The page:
Among them the territory has spent an additional $200,000 per year since 2005 to maintain the Dempster Highway; melting permafrost has taken its toll on buildings like the Ross River School and the Art and Margaret Fry Recreation Centre in Dawson.

Coun. Dan Boyd, meanwhile, argued the city is already working on adaptation through initiatives like fuel-risk managements and Fire Smart work among other projects outlined in the city budget.

Curteanu was also quick to point out that at the end of the day, the city has to manage with the resources it has available.

As council members contemplate the two administrative reports put forward, Climate Action Whitehorse has posted the Sept. 23 vote as an event on its Facebook page, calling on residents to “join us in showing council how important this issue is.”

It goes on to state the last time it was considered there was a standing-room only crowd in council chambers and it’s hoped the turnout will increase even more this time.

Contact Stephanie Waddell at stephanie.waddell@yukon-news.com

Get local stories you won't find anywhere else right to your inbox.
Sign up here

Just Posted

Team Yukon skip Laura Eby, left, directs her team as Team Northern Ontario skip Krysta Burns looks on at the Scotties Tournament of Hearts in Calgary on Feb. 22. (Jeff McIntosh/CP)
Team Yukon reports positive experience at Scotties

Team Yukon played their final game at the national championship in Calgary on Thursday afternoon

A sign indicating a drop-off area behind Selkirk Elementary school in Whitehorse on Feb. 25. (Haley Ritchie/Yukon News)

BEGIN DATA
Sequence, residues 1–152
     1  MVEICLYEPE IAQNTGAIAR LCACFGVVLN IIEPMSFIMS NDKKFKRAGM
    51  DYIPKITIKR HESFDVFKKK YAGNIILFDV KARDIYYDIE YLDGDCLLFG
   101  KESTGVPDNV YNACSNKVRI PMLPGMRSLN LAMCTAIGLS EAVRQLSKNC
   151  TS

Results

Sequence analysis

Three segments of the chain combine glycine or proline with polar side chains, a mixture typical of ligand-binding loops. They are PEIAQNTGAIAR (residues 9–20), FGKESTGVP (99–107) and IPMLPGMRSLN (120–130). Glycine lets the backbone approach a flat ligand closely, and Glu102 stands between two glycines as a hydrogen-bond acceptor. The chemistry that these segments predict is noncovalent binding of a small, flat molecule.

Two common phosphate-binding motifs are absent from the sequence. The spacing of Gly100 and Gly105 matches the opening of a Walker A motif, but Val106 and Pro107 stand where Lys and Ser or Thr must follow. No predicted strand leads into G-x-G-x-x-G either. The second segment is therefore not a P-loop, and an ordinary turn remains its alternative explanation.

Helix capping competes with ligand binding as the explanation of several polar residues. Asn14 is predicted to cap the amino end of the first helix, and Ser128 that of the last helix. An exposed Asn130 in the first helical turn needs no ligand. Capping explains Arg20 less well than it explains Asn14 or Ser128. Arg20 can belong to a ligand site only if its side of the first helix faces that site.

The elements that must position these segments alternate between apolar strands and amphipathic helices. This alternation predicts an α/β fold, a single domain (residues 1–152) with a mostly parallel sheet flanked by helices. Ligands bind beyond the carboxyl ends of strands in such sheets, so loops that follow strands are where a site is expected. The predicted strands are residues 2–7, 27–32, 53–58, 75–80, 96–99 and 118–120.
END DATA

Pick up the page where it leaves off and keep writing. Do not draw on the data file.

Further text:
Parking lot proposal for Selkirk Elementary criticized

Parents and school council are raising concerns about green space and traffic woes

adsf
WYATT’S WORLD

Wyatt’s World for Feb. 26, 2021

Ken Anderson’s Sun and Moon model sculpture sits in the snow as he carves away at the real life sculpture behind Kwanlin Dün Cultural Centre for the Yukon Sourdough Rendezvous festival in Whitehorse on Feb. 21, 2018. Yukon Rendezvous weekend kicks off today with a series of outdoor, virtual and staged events. (Crystal Schick/Yukon News file)
Rendezvous snowpad, live music and fireworks this weekend

A round-up of events taking place for the 2021 Rendezvous weekend

Yukon Energy in Whitehorse on Aug. 4, 2020. The proposed Atlin Hydro Expansion project is moving closer to development with a number of milestones reached by the Tlingit Homeland Energy Limited Partnership and Yukon Energy over the last several months. (Crystal Schick/Yukon News file)
Atlin hydro project progresses

Officials reflect on milestones reached